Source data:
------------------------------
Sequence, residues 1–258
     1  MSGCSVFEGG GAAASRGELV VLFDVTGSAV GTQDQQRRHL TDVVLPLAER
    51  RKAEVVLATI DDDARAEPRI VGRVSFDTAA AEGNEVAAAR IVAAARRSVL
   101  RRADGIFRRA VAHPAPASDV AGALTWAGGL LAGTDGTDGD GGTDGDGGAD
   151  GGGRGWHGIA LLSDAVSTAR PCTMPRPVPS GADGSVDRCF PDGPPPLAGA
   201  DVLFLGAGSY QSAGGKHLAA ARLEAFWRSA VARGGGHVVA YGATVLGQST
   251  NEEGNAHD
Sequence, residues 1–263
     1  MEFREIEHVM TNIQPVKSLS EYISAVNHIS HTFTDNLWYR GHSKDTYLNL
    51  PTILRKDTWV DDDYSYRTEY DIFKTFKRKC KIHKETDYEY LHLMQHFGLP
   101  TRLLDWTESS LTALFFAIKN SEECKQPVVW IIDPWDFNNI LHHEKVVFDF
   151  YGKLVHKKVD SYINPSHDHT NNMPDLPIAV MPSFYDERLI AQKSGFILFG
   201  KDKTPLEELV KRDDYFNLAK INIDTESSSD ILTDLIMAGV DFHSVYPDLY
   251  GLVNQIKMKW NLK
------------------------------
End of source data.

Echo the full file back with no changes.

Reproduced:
Sequence, residues 1–258
     1  MSGCSVFEGG GAAASRGELV VLFDVTGSAV GTQDQQRRHL TDVVLPLAER
    51  RKAEVVLATI DDDARAEPRI VGRVSFDTAA AEGNEVAAAR IVAAARRSVL
   101  RRADGIFRRA VAHPAPASDV AGALTWAGGL LAGTDGTDGD GGTDGDGGAD
   151  GGGRGWHGIA LLSDAVSTAR PCTMPRPVPS GADGSVDRCF PDGPPPLAGA
   201  DVLFLGAGSY QSAGGKHLAA ARLEAFWRSA VARGGGHVVA YGATVLGQST
   251  NEEGNAHD
Sequence, residues 1–263
     1  MEFREIEHVM TNIQPVKSLS EYISAVNHIS HTFTDNLWYR GHSKDTYLNL
    51  PTILRKDTWV DDDYSYRTEY DIFKTFKRKC KIHKETDYEY LHLMQHFGLP
   101  TRLLDWTESS LTALFFAIKN SEECKQPVVW IIDPWDFNNI LHHEKVVFDF
   151  YGKLVHKKVD SYINPSHDHT NNMPDLPIAV MPSFYDERLI AQKSGFILFG
   201  KDKTPLEELV KRDDYFNLAK INIDTESSSD ILTDLIMAGV DFHSVYPDLY
   251  GLVNQIKMKW NLK